Government's Surveillance is Breaking the Internet

Eric Schmidt
Chairman of Google

The search giant Google has created technologies that changed many things from the way we communicate, how we use the internet, to how we embrace mobile devices. Google's Executive Chairman Eric Schmidt who feels internet freedom is vital to innovation, describes all of Google's successes and failures, falls into one motto: Don't be Evil.

The internet has gotten deep inside the lives of people. As more and more people around the globe uses the internet on a daily basis, they will share more about themselves whether they like it or not. This has proven that the internet holds a lot of information about people, both that are visible and hidden. And this fact has caught the eyes of the government.

"We don't want these NSA and other people in it... And the cost of that is huge," said Schmidt. "The impact … is severe and getting worse."

Post-Snowden era, people are becoming more worried about their personal data that are trusted to internet companies. They have wondered whether these companies would allow government officials to take a peek into their privacy. And internet companies are taking this concerns seriously.

For years, the NSA was engaged in questionable surveillance practices. But it was not until Snowden's revelations that confirmed their widespread monitoring programs, catching worldwide attention.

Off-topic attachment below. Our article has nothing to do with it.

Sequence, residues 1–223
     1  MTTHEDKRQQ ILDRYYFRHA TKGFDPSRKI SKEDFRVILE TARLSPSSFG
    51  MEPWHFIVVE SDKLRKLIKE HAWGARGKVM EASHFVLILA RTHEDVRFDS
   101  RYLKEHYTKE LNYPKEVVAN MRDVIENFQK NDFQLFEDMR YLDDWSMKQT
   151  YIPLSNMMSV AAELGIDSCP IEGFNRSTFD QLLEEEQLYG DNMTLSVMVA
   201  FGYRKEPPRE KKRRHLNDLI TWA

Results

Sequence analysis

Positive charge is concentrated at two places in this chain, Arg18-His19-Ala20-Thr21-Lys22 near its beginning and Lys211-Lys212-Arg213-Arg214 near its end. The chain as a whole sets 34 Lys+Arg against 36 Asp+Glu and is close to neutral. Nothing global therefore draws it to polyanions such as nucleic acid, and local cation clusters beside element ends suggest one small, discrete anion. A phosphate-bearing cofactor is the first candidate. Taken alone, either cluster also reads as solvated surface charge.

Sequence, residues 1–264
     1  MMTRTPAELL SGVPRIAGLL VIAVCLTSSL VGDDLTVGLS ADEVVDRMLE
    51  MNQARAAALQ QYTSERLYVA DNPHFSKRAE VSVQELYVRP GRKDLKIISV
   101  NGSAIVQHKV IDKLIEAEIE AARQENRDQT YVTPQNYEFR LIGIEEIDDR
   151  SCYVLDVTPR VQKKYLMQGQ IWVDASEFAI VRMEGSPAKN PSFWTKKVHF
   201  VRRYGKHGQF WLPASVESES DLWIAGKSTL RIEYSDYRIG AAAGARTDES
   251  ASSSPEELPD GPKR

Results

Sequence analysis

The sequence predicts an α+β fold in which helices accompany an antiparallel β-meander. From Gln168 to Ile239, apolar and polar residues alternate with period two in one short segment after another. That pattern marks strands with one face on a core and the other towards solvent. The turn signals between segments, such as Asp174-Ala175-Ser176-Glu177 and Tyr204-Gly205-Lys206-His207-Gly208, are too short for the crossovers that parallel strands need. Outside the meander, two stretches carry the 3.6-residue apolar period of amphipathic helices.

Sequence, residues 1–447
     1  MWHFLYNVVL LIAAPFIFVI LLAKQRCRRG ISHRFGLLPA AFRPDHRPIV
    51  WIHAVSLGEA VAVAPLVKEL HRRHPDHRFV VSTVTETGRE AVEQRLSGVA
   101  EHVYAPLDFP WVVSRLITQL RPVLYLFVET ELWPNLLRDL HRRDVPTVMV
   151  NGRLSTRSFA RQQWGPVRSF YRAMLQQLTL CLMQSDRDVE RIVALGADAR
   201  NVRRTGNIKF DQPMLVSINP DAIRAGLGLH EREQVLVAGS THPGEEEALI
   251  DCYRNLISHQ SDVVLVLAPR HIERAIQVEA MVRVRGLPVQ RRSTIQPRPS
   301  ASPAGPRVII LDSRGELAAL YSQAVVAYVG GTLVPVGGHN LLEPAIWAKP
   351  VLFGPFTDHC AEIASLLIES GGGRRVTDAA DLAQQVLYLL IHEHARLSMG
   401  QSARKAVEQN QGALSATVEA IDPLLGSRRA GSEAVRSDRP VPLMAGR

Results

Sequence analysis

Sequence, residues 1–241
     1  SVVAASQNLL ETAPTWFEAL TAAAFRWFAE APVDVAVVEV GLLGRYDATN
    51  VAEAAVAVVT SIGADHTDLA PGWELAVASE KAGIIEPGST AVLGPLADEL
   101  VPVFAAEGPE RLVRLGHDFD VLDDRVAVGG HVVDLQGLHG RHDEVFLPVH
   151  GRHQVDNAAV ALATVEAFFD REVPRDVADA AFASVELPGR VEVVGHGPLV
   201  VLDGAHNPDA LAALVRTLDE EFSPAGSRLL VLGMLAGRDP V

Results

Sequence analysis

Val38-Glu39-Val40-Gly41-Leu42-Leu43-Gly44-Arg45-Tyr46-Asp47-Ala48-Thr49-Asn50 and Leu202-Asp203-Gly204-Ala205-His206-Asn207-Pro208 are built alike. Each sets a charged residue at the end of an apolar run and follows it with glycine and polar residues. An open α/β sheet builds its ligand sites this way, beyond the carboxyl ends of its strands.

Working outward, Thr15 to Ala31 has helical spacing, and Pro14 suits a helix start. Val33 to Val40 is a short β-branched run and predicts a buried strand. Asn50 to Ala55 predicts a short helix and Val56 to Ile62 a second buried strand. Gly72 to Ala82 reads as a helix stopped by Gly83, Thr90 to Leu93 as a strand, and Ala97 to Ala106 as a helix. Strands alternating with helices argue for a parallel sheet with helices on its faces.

"Just because you can do it, doesn't mean you should do it," said Schmidt criticizing NSA's surveillance.

American tech companies have long cautioned the U.S. government that their global competitiveness is being "walled" because users mistrust them. Revelations about the surveillance have tarnished the reputations of many Silicon Valley companies. They fear that the data they provide may not be safe from intelligence agencies.

Some documents have suggested that U.S. tech giants were complicit in handing users' information to the government, an accusation that the executives deny. Tech companies say they only respond to legal demands for user data. Any wholesale surveillance, they insist, was done without their help or knowledge.

"You own the email or text messages or content you create," said Schmidt. "Even if when you put your content on our data centers, you still own it, and you're entitled to the legal protections from the Constitution. That's one of the reasons we need Congress to act."

Joining Schmidt were Microsoft Executive Vice President Brad Smith, Facebook General Counsel Colin Stretch, Dropbox General Counsel Ramsey Homsany and John Lilly, a venture capitalist with Greylock Partners. Tech executives are worried that the fallout of surveillance revelations could be severe, and all of them are critical of the NSA.

To tech companies, the issue is a matter of profits and a legal debate. At one side, tech companies could lose billions of dollars because of canceled contracts and opportunities. And on the other side, surveillance keeps innovations away.

Schmidt said that the digital surveillance techniques of the government and other foreign intelligence agencies need to reform. Schmidt once took a shot at government attempting to restrict information by saying that there is nothing more important than information, and to become a restrictive government, a dictator, the government just need to control that information to keep the freedom of expression under control.

And if the governments kept spying their citizens, they are putting their trust on their own people aside. And that will result to many things. After Snowden revealed NSA's surveillance program, about a quarter of people do less online shopping, and many countries are trying to "localize" their data to be more secured.

"The simplest outcome is that we're going to end up breaking the internet," Schmidt said.